My son was currently practicing this little snippet he learned from the  children’s secret society we have no intelligence of (or maybe it was Pinterest, who knows where they figure this shit out): he was asking me for something (I couldn’t remember what if I tried), and I was waving my hand in the “go ahead do whatever you need/want be quiet this is important” mom motion. Meanwhile, the person on the other end of the phone heard my kids in the background which prompted him to ask about them. And I quickly responded, I have two girls and a boy, and continued our business discussion without another thought.

My child was off playing again with his siblings until the next epiphany would come to them to request from me before my phone call ended and their time ran out. It wasn’t until I hung up the phone that my son came up to me and tugged on my shirt ever so gently with a single tear rolling down his cheek. I thought for sure he had fallen off his bike or tripped on the sidewalk and had a boo-boo for me to kiss somewhere on his little body. But instead, he simply said, between the most inaudible but tragic sobs, “mom, you told your friend that I was a girl.”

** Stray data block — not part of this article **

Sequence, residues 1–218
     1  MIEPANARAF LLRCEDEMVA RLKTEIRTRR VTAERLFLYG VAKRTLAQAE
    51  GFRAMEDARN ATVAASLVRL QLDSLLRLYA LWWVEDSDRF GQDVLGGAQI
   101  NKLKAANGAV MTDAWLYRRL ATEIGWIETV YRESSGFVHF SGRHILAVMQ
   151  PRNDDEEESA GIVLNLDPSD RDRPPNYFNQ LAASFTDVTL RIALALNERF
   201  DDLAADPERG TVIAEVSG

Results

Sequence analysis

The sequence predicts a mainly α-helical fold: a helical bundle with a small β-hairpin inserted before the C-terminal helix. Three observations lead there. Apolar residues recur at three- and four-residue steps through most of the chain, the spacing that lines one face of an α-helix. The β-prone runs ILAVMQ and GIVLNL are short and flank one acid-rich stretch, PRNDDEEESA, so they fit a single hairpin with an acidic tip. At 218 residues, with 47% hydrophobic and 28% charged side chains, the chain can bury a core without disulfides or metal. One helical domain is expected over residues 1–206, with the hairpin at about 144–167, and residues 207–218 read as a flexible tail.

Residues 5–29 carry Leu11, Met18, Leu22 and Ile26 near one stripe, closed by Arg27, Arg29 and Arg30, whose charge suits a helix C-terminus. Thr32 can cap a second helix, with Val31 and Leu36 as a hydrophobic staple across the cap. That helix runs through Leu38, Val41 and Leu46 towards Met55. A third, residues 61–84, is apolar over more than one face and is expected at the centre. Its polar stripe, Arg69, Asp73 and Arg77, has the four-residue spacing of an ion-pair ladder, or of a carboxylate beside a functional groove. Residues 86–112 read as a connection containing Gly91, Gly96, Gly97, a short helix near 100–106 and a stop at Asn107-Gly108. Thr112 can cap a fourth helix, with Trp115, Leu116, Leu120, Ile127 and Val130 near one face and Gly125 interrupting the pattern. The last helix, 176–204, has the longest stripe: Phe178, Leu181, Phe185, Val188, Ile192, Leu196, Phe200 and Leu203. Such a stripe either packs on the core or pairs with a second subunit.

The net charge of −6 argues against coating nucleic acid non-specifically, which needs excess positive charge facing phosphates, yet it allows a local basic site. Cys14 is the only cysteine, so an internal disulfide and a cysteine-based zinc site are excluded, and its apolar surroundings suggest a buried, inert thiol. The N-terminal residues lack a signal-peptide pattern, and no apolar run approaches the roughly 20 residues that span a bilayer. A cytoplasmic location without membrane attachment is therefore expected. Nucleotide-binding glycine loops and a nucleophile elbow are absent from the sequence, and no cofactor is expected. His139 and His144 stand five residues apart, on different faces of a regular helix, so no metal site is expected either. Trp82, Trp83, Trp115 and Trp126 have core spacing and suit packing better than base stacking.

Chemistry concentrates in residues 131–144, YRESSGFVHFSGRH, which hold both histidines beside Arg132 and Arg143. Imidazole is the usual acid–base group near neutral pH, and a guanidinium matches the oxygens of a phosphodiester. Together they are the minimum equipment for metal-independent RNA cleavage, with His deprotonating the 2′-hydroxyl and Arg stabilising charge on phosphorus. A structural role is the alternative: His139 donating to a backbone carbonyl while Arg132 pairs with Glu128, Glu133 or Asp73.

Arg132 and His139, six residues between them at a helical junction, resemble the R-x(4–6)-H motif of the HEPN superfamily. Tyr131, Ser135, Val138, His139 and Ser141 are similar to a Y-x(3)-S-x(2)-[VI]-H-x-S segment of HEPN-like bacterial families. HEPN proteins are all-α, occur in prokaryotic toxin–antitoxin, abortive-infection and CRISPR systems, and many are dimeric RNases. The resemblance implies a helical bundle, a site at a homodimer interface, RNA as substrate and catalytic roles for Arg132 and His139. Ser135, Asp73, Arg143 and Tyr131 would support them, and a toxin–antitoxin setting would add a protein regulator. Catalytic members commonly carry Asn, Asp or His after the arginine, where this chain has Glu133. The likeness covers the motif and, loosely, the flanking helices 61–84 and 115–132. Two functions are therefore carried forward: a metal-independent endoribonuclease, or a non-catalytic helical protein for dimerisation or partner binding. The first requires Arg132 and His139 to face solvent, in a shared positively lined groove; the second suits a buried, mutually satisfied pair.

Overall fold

UGH. Those little words, that devastated face, the wretched shoulders. In that moment I felt so small. So lonely. So undeniably AWFUL. I couldn’t believe I did it and I also couldn’t wrap my head around how intensely upset he was. It wasn’t an obvious visual or audible upset. It was as if someone had just died and the initial shock hadn’t worn off but the emotion was so deep. So hurt.

I’ve since explained in great detail to my son that I am determinedly trying and making a very conscious effort to change my language in regards to HIM. But, there are times I can’t get my kids names right when I am looking right at their faces! I call them out as their sibling, the dog, the neighbor boy, whoever’s name pops in my head first in my fit of fury. But to my trans child, when I make a (avoidable) mistake like that it cuts him on such a deeper level, and so I really need to be more careful.

I haven’t made that mistake in public or with an “outsider” of our family since. And after that moment, I don’t think I ever will. As parents, we always want what’s ultimately best for our kids and we never (intentionally or not) want to be the one that causes their pain. Ever. The excruciating hurt of that one slip was way too much. For us both.